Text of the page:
TCS Daily

Sales taxes aren't fair!

By James K. Glassman - March 6, 2000 12:00 AM

You like to think that governments, just like people, can learn from their mistakes. In the Internet economy especially, you like to think that mistakes from the old economy will not be repeated online. That's why it's so discouraging to watch state politicians clamor for new sales taxes online.

Of course these taxes would be bad for the new economy. Of course they would slow the growth of e-commerce. Of course they will hurt online consumers. But what's lost in this fight over online taxes is that sales taxes of all kinds are bad for consumers. In fact, until this Internet squabble began, sales taxes had been thoroughly discredited as an unfair burden that hits the poor harder than any other government program.

A sales tax is a kind of consumption tax, and it's true that we should always tax consumption instead of savings. But an easier, fairer way to institute a consumption tax would be to take annual income and deduct annual savings and investments, then apply the tax rate (both federal and state) to what is left: consumption.

For several years, Rep. Billy Tauzin (R-LA) has been trying to pass a national sales tax to replace the income tax. The idea has gone nowhere, for lots of good reasons. For one, the European version of this idea, the Value Added Tax, or VAT, has proven to be a nightmare of bureaucratic complexity.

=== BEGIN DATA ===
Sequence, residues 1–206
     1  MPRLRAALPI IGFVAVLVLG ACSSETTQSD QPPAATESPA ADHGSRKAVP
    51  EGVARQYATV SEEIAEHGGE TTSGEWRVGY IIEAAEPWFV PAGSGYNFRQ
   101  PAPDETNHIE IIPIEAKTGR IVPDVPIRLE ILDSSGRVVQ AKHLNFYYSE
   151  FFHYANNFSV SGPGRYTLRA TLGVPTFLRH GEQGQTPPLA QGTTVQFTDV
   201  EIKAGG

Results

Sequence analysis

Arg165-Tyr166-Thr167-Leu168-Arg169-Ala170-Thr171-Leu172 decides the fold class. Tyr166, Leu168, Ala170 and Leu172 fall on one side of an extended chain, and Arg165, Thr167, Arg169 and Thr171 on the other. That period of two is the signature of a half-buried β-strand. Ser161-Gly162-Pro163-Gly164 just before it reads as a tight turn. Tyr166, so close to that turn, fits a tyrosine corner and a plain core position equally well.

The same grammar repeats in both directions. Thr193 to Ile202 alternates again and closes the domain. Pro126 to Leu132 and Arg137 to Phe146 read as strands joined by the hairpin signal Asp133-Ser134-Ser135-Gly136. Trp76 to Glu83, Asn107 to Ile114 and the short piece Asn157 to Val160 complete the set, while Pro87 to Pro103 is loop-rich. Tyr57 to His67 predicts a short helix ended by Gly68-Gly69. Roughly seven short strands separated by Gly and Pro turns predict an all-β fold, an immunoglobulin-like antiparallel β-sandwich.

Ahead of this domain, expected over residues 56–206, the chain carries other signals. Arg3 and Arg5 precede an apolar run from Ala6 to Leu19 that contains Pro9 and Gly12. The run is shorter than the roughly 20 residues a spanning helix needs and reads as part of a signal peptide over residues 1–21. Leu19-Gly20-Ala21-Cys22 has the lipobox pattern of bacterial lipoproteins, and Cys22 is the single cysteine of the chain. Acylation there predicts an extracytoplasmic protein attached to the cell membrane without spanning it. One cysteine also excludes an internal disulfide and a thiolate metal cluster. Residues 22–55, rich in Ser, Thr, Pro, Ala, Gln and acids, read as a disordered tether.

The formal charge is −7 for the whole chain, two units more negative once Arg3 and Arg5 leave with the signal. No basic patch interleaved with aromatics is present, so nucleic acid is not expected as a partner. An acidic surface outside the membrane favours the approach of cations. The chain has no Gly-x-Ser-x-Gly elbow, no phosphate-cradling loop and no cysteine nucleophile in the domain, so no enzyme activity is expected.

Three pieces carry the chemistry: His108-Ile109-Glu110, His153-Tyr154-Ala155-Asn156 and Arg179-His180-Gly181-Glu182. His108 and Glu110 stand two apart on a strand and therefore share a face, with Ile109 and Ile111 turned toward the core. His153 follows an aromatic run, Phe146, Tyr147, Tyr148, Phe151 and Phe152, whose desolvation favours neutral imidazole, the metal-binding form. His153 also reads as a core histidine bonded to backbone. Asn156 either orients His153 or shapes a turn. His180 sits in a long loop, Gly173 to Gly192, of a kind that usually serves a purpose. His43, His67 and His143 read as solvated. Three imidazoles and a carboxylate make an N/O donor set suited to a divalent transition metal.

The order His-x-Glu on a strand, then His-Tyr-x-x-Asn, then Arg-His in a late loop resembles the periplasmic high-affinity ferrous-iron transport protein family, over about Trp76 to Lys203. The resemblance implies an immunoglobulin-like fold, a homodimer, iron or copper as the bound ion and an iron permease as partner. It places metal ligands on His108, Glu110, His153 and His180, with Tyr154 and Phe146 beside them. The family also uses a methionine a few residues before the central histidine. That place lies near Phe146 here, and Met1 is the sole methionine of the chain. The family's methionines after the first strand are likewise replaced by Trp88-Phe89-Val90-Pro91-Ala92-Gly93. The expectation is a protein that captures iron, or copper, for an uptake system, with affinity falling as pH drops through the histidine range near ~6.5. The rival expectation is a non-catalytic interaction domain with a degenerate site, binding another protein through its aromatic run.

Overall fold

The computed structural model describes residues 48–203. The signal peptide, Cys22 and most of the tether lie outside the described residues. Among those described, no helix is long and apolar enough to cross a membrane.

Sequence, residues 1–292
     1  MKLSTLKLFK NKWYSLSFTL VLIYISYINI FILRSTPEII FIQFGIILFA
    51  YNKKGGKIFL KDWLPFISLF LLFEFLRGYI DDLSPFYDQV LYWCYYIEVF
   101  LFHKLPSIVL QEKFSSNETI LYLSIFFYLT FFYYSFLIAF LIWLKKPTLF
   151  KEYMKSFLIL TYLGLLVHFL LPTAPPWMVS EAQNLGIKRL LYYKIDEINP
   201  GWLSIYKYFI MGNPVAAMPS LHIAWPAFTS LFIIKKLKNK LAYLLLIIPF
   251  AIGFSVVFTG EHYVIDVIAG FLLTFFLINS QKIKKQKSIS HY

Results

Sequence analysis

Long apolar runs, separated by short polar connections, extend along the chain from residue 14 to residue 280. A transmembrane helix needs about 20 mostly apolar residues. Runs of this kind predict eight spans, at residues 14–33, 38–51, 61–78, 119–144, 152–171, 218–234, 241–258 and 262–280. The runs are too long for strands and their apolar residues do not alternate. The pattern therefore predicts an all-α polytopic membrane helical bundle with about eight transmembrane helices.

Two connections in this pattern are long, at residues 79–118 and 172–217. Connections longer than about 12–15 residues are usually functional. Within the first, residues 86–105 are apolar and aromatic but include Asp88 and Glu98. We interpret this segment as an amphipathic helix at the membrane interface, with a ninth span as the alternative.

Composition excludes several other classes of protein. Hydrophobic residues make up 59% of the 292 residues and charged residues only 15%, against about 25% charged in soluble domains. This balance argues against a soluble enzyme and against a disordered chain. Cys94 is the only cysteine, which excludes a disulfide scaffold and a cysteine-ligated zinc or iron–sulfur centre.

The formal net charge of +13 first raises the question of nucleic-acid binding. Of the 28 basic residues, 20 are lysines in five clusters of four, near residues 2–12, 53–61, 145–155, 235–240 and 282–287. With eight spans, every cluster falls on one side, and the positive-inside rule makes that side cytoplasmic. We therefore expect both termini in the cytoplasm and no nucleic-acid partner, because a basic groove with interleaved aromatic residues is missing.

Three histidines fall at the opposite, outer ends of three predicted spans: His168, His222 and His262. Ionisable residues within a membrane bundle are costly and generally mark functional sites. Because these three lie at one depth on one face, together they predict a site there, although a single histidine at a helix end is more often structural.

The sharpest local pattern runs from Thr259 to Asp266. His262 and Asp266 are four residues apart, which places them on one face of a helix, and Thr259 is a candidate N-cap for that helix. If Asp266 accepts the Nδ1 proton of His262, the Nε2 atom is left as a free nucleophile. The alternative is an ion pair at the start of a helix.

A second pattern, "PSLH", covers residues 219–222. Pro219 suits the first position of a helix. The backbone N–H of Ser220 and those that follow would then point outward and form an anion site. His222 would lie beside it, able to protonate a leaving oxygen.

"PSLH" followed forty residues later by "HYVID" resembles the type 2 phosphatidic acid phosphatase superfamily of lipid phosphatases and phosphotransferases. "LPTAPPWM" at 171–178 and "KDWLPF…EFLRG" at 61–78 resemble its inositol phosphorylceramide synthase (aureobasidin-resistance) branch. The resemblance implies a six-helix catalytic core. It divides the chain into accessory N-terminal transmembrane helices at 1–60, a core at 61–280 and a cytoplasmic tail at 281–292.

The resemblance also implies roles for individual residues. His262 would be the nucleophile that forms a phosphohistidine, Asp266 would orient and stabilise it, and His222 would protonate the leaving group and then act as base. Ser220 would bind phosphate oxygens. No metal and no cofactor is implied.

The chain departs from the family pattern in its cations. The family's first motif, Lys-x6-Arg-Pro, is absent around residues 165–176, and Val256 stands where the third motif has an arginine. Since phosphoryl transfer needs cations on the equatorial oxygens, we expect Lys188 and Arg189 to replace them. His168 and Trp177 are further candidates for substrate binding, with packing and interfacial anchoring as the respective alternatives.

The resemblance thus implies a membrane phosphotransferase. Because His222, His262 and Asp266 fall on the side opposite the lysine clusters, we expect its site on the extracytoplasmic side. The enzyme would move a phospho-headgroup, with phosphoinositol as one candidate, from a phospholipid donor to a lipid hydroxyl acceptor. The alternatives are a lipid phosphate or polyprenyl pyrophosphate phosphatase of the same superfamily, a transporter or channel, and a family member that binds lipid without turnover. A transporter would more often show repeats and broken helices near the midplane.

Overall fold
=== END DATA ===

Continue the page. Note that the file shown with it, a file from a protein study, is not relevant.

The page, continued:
Whenever there are new taxes on retail sales, lots of people try to figure out how to avoid them by buying at wholesale or purchasing the goods in another jurisdiction. Then the government has to add new regulations to close the escape hatches, and new requirements on business to help the government collect the money.

On the Net, it would take about five minutes for websites offshore to begin selling tax-free goods to US consumers and about another five minutes after that for a web entrepreneur to create a system for people to gather in cyberspace and buy as wholesalers. Then a new round of regulation would begin and the vicious cycle would begin anew. (If you want to get really depressed, imagine the Internet being regulated by a taxation system developed in France.)

The biggest reason to oppose sales taxes is that they demand the highest percentage of income from the people who make the least. Sales taxes are the exact reverse of income taxes - the less you make, the higher your tax rate. If Bill Gates and a factory worker both want to have a Miller Lite at the end of a long day, they both must pay the same amount of tax. Even though Bill's income is many times that of the factory worker, and his net worth is perhaps a million times as large, the worker gets hit with just as high a tax bill.

Repeal all sales taxes. They're unfair, they hurt consumers and they'll hurt our economy if they're expanded to include cyberspace. Don't believe these politicians who say that you won't have fire and police departments without sales taxes. Only 16% of local government revenues come from sales taxes. At the state level, several governments impose no sales taxes at all and 45 states receive most of their revenue from other sources. So we can do without sales taxes. And we should.

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